Developing a Metal Proxy for the Rise of Early Terrestrial Life
Tuesday, 15 December 2015
Poster Hall (Moscone South)
Previous work has shown that the presence of biological soil crusts (BSCs) may affect the concentrations of uranium and other transition metals by influencing metal dissolution, solubility, and transport.(1) These effects may provide a proxy for the presence of microbial mat communities in paleosols, possibly constraining the timing of the rise of early terrestrial ecosystems. Thus, in an effort to uncover possible biosignatures, this study examines metal abundances in modern desert BSCs as a possible analogue for early terrestrial life.
We present results from a preliminary study comparing crusted and uncrusted soils from a low-desert site near Casa Grande, Arizona. Seventeen 5-cm soil cores were collected and the bulk elemental composition of the top 1 cm of crusted (9 samples) and non-crusted (8 samples) soils were analyzed by quadrupole ICP-MS with a typical measurement precision between 2-5%. Metal concentrations were normalized to aluminum (Al) to minimize dilution effects due to variations in carbonate and quartz content.
Although the mean concentrations of nearly all elements were similar in crusted and uncrusted sites, the variability in the normalized concentrations of some of the elements, such as uranium, were different between crusted and uncrusted sites. The average U/Al ratio at the crusted site was 25 ± 1 µg U/ g Al and the average U/Al ratio at the uncrusted site was 27 ± 4 µg U/ g Al. Bartlett’s and Levene’s tests were used to confirm that the U/Al ratio was significantly more variable in the uncrusted sites as compared to the crusted sites. Iron (Fe), vanadium (V) and cesium (Cs) showed a similar pattern which was significant under Bartlett’s but not Levene’s test.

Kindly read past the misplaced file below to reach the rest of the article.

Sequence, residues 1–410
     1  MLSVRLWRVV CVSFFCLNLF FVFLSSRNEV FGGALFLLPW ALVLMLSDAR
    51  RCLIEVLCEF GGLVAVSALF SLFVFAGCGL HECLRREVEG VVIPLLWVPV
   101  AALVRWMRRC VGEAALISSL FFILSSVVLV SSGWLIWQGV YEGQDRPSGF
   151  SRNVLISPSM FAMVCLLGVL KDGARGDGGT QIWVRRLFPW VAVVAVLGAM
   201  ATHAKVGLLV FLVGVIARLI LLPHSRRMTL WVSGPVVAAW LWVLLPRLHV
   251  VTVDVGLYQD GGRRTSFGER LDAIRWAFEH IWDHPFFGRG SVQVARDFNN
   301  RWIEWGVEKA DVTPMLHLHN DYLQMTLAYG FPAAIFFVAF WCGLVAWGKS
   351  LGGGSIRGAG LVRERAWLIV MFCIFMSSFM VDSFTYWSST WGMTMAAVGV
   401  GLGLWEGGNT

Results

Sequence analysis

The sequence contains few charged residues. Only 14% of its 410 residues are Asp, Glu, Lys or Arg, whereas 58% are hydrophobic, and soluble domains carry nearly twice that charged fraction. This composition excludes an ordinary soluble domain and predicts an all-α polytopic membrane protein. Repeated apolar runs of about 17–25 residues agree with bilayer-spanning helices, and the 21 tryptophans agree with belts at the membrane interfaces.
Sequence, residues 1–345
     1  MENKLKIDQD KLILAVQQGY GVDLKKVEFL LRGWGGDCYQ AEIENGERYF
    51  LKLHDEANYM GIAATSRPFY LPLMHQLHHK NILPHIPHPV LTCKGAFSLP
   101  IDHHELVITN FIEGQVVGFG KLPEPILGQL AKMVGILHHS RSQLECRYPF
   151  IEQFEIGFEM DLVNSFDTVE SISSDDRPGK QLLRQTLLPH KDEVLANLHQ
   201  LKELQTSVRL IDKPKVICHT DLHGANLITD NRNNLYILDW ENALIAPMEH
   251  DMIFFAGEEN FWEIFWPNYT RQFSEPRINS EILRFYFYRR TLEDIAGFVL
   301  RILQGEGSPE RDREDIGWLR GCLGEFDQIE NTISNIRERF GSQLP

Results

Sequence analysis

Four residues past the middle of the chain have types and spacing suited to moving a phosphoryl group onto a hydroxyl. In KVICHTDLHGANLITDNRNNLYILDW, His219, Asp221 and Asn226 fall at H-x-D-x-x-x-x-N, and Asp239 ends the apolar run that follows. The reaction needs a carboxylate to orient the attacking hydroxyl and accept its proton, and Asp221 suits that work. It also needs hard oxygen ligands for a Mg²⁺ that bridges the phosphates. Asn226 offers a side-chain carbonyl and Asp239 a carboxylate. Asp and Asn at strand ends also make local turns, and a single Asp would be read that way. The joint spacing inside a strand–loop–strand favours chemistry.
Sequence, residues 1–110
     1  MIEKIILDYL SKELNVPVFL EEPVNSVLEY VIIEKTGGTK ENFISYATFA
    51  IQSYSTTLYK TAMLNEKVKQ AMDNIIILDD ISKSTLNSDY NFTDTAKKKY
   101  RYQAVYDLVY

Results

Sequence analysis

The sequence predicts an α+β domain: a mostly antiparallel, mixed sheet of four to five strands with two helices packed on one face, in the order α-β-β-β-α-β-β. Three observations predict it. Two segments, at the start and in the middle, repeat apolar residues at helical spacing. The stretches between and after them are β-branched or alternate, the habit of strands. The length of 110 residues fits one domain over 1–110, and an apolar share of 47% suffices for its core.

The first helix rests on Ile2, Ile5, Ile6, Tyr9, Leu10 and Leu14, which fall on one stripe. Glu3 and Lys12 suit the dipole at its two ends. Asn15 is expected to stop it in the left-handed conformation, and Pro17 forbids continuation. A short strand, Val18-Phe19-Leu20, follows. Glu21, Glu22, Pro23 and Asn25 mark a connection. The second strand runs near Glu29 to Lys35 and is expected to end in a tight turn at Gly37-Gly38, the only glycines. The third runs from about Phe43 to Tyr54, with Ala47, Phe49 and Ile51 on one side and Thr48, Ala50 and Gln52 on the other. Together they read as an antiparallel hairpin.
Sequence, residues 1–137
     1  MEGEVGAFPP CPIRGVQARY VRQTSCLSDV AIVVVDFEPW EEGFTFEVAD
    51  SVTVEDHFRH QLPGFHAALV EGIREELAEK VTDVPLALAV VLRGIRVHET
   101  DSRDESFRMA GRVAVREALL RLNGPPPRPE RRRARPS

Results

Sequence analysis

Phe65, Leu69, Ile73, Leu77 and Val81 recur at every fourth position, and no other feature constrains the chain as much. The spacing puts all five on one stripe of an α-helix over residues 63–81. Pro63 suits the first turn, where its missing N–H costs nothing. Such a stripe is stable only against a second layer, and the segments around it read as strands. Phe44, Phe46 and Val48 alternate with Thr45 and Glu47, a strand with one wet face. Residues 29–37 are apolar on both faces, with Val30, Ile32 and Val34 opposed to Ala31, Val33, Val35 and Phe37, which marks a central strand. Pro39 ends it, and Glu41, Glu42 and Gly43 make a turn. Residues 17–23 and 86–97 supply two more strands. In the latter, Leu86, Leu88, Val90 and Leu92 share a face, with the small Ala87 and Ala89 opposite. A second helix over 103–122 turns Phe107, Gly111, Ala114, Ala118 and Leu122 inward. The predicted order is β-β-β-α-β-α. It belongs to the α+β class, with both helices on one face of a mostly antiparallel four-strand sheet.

As U, Fe, and V solubility and transport are redox-sensitive, we hypothesize that their aqueous mobility could have been impacted by diurnal redox swings in the photosynthetic crusts, possibly resulting in the homogenization of local cm-scale variations in background soil concentrations. Future work will test this hypothesis by 1) analyzing samples from a wider range of sites to determine if this pattern is robust and 2) measuring 238U/235U ratios throughout the crust profile to determine if there is evidence for redox-dependent cycling and fractionation of U within modern BSCs.
(1) Beraldi-Campesi, H. et al. (2009) Geobiology, 7:348-359.